Pediatric Hypertension: Prevalence, Complications, and Medication Use

Study Questions:

What is the prevalence of hypertension diagnosis in children of US military members, and what is the frequency of echocardiography evaluations, cardiac complications, and antihypertensive prescriptions in the post-2004 guideline era?


Using billing data from military health insurance (TRICARE) enrollees, hypertension cases were defined as two or more visits with a primary or unspecified hypertension diagnosis during any calendar year or one such visit if with a cardiologist or nephrologist. Incidence of hypertension, frequency of echocardiograms, associated cardiovascular diagnostic codes, and information on medication treatment for hypertension were obtained.


During 2006-2011, 16,322 out of 1.3 million individuals aged 2-18 years met the definition of hypertension (2.6/1,000). The incidence of hypertension increased by 17% between 2006 and 2011 (from 2.3/1,000 to 2.7/1,000; p < 0.001) and was more common in adolescents aged 12-18 years than in younger children (5.4/1,000 vs. 0.9/1,000). Echocardiography was performed in 5,585 (34%) individuals with hypertension. The frequency of annual echocardiograms increased from 22.7% to 27.7% (p < 0.001), and among those individuals, 8.0% had left ventricular hypertrophy (LVH) or dysfunction. Among the patients with hypertension, only 6,353 (38.9%) received an antihypertensive medication.


The prevalence of the diagnosis of hypertension has increased; however, compliance with national clinical guidelines remains poor. Of children with a diagnosis of hypertension who had an echocardiogram, 1 in 12 was abnormal, highlighting the importance of the use of echocardiography in children with hypertension; however, only 34% of children with a diagnosis of hypertension, rather than the recommended 100% received an echocardiogram. LVH was more prominent in younger children (aged 2-11 years) with hypertension, and points to additional potential complications in this cohort as they age. Unfortunately, the rate of medication use was near 40%, but still considerably low for established diagnosis of hypertension in children.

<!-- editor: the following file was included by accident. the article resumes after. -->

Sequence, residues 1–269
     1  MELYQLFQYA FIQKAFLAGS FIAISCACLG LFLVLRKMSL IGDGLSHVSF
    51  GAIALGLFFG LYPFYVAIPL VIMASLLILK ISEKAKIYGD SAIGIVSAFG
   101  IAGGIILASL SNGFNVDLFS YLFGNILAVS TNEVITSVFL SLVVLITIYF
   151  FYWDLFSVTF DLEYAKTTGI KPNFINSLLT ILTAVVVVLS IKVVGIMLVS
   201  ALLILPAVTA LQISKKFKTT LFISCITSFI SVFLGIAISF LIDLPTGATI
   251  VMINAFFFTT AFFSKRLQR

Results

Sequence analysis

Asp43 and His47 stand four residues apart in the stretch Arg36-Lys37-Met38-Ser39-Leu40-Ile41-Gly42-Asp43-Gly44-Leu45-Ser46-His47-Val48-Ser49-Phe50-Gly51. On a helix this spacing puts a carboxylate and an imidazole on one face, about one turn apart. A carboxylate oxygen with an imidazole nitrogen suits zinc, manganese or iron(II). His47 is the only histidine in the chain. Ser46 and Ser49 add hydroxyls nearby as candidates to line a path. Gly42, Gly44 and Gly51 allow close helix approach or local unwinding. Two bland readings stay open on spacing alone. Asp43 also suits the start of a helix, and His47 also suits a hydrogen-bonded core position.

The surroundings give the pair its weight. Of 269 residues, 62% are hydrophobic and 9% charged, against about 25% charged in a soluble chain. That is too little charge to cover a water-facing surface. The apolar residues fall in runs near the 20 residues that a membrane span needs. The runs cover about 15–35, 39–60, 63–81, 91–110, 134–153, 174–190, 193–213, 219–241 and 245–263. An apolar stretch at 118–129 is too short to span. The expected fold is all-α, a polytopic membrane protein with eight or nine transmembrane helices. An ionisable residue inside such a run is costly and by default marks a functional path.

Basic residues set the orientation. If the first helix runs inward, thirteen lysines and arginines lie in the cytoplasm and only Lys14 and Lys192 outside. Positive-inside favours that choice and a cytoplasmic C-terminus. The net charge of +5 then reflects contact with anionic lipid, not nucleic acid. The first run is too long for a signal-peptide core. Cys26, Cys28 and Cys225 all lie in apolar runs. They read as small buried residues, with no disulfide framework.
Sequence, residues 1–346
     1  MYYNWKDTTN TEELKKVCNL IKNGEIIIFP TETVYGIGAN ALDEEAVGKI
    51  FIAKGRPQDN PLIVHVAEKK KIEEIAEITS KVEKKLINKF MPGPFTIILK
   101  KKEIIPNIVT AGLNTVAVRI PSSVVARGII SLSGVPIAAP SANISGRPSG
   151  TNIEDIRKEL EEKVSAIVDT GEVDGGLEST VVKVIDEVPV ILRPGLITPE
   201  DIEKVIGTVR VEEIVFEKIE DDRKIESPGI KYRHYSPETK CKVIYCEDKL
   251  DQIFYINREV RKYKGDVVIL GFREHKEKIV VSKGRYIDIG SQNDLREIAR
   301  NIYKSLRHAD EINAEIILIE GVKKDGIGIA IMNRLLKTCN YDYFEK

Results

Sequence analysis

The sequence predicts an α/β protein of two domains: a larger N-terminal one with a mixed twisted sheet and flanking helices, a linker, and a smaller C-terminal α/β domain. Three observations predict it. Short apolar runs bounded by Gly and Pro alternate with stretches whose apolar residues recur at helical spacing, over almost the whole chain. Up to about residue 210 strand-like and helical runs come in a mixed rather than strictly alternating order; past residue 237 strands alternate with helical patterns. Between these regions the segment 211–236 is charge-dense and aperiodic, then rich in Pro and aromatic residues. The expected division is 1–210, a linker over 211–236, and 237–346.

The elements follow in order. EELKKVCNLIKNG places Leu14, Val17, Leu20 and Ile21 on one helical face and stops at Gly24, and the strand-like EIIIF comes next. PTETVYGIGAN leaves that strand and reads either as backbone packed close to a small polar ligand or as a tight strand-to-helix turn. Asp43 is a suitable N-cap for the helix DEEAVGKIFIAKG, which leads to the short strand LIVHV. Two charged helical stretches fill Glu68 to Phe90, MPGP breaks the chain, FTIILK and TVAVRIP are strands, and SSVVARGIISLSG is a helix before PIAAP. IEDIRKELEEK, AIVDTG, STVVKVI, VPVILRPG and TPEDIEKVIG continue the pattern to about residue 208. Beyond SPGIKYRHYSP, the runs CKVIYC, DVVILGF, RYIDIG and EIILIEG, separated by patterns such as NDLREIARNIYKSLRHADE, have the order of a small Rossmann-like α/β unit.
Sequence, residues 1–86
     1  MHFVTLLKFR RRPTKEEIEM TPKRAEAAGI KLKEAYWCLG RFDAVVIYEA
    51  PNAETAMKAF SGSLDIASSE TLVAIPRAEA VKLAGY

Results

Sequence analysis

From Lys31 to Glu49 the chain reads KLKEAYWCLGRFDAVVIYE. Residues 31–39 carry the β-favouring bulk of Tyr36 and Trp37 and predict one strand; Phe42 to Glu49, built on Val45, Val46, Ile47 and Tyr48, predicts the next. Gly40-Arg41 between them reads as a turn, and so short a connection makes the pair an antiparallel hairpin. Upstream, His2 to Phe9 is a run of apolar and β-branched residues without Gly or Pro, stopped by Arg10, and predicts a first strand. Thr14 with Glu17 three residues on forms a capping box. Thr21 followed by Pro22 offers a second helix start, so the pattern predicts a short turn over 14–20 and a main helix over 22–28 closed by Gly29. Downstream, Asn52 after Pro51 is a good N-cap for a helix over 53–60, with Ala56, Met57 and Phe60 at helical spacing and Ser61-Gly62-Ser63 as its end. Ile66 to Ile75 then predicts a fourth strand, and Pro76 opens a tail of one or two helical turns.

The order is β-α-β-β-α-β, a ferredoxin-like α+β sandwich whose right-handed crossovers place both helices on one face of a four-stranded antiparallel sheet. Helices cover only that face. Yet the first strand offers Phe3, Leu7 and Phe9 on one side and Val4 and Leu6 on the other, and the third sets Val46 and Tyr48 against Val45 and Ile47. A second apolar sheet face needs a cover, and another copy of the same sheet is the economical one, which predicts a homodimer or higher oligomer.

With the recognition that adult cardiovascular disease begins in childhood, there has been a national effort to develop guidelines for the diagnosis, evaluation, and treatment of high blood pressure in children and adolescents. These results emphasize the need for increased awareness of the frequency of pediatric hypertension, and highlight the concerning relatively high risk of cardiovascular complications (LVH and heart failure). Although lifestyle modification may be appropriate, the low rates of echocardiography in established hypertension are evidence of lack of implementation of clinical guidelines. Fortunately, among the patients with hypertension, a known echocardiogram, and LVH diagnosis, 78.7% were prescribed an antihypertensive medication. However, the increasing trend of hypertension diagnosis combined with the poor percentage of individuals receiving treatment suggests that in addition to education, active efforts to aid clinicians in implementation of these guidelines may be essential to significantly improving evaluation and treatment of pediatric hypertension.

Clinical Topics: Congenital Heart Disease and Pediatric Cardiology, Heart Failure and Cardiomyopathies, Noninvasive Imaging, Prevention, Congenital Heart Disease, CHD and Pediatrics and Arrhythmias, CHD and Pediatrics and Imaging, CHD and Pediatrics and Prevention, Acute Heart Failure, Echocardiography/Ultrasound, Hypertension

Keywords: Antihypertensive Agents, Blood Pressure, Echocardiography, Heart Defects, Congenital, Heart Failure, Hypertension, Hypertrophy, Left Ventricular, Pediatrics, Prevalence, Primary Prevention

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